Clement Tetedoux was a popular pianist and teacher of music for many years. In 1864 the directory locates him at 126 Penn street. This was in old Honeymoon row, and close to Mrs. Gormly's grandmother's house, which was at 104 Penn. Prof. Tetedoux was the leader of many musical entertainments in his time. To have been a pupil of Tetedoux's was something to boast of.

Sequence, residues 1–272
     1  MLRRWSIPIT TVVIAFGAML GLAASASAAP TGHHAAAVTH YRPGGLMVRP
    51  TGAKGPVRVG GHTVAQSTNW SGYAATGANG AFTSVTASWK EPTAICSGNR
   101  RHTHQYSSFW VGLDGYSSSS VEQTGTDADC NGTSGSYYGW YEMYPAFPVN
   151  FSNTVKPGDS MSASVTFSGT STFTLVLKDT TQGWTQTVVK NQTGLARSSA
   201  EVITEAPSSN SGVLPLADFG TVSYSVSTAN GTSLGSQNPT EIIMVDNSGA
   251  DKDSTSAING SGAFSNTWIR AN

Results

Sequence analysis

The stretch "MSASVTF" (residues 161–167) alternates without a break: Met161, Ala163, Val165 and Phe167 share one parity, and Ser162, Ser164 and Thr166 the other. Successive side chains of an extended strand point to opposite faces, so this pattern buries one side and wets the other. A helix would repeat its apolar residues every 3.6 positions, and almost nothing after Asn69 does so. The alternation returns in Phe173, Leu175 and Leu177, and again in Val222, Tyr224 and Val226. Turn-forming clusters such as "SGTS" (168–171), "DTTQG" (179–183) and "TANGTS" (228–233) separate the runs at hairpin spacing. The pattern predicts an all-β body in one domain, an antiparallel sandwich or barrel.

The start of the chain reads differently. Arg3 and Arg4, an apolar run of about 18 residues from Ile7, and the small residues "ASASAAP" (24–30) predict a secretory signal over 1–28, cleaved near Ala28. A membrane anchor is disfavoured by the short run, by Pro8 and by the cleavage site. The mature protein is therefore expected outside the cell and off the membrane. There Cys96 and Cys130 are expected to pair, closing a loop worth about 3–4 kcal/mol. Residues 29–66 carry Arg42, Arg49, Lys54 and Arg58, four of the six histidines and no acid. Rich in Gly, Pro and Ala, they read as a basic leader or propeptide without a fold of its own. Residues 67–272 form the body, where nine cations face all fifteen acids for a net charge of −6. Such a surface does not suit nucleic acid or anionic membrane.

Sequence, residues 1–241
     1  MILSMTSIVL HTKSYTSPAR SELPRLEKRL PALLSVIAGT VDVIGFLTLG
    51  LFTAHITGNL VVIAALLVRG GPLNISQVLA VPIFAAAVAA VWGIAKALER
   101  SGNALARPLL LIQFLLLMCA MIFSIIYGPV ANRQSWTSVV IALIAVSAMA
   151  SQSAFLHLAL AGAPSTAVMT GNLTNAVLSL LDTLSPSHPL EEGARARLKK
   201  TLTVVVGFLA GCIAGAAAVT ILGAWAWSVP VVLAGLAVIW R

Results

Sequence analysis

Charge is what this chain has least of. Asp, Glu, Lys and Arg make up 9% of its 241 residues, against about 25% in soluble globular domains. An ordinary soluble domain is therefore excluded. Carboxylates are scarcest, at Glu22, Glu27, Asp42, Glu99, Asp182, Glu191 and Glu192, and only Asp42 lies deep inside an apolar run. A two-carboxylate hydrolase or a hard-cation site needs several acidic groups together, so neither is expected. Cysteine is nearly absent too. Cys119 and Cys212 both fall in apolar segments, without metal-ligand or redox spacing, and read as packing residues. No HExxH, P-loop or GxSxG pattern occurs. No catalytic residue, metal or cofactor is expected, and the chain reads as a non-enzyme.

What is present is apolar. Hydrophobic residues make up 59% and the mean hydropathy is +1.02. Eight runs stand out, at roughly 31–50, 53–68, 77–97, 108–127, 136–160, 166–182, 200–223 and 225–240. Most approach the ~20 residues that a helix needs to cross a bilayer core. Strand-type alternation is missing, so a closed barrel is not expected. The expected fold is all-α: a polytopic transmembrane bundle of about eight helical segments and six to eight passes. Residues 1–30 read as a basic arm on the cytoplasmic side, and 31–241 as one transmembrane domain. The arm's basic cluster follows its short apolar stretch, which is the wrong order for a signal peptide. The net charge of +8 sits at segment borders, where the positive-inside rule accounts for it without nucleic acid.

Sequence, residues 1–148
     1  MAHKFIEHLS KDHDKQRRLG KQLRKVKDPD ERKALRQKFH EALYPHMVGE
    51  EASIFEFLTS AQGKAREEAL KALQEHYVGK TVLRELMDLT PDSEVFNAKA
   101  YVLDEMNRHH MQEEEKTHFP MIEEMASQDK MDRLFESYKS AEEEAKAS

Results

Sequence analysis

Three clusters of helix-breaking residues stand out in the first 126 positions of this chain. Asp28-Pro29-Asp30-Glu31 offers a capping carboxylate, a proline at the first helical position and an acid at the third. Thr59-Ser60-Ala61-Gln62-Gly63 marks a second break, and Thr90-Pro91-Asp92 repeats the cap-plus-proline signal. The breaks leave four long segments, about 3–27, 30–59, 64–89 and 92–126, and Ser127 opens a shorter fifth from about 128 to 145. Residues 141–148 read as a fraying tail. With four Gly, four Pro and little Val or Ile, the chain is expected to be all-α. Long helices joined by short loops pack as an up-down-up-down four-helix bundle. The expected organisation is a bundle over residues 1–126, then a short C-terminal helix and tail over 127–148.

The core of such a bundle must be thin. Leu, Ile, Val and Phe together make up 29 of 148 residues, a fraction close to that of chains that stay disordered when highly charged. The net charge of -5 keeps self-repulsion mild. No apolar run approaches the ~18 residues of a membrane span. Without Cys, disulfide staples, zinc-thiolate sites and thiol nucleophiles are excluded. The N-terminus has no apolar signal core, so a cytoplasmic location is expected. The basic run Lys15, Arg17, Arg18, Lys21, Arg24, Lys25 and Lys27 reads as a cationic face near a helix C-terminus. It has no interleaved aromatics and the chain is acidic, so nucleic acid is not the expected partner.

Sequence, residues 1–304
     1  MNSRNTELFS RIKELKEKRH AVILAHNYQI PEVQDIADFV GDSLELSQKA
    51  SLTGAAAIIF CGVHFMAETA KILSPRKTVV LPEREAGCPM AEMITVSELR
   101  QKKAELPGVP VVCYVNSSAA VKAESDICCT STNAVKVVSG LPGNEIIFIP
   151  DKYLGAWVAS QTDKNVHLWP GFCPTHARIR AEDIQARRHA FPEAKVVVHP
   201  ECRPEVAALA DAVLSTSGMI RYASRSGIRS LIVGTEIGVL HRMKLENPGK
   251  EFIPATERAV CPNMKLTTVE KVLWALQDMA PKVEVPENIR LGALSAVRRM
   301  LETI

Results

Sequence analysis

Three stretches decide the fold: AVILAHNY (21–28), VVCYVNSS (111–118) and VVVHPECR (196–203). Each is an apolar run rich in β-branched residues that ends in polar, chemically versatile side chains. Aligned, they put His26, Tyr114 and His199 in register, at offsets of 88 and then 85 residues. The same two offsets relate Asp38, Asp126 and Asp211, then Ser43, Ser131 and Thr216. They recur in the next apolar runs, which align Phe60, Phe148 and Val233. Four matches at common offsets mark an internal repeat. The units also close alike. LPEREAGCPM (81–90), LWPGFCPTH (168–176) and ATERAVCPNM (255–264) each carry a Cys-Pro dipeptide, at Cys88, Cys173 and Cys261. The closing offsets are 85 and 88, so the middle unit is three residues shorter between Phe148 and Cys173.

The "Round House" was simply the round-shaped dwelling of eccentric old William Price, at the corner of the Fourth street road and Price street, or as we locate the site now, at Fifth avenue and Stevenson street, a business block there now. The story long current that "Billy" Price erected the circular building to prevent the devil from cornering him in his own dwelling was never agreeable to the Price descendants, and it may be taken as a made-up story. "Billy" Price, a successful business man, who owned and operated the "Berlin Foundry" in the rear of his dwelling, was an oddity in his lifetime and was never, as far as anyone ever knew, worried about meeting the devil anywhere. Nunnery Hill and Jones' ferry to the mouth of Saw Mill Run, from the foot of Liberty street, will be recalled by many Pittsburghers who have not yet earned the title, old-timer. The hill was the high part of the Twelfth Ward of former Allegheny City and is now included in the Twenty-fifth Ward, Pittsburgh. When the Point Bridge was completed in 1876 the old ferry was discontinued.